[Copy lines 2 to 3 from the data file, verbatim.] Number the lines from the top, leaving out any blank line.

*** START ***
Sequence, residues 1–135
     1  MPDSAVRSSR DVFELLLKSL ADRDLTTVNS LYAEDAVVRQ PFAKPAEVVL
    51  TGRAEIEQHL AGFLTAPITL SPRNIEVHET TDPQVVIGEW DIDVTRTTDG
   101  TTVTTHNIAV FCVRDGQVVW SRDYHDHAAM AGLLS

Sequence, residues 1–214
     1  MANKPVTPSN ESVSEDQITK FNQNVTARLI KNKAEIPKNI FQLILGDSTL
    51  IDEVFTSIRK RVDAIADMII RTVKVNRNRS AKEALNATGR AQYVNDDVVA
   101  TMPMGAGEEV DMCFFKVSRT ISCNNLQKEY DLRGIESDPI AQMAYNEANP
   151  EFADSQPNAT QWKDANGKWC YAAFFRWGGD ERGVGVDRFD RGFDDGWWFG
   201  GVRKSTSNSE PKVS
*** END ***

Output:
     1  MPDSAVRSSR DVFELLLKSL ADRDLTTVNS LYAEDAVVRQ PFAKPAEVVL
    51  TGRAEIEQHL AGFLTAPITL SPRNIEVHET TDPQVVIGEW DIDVTRTTDG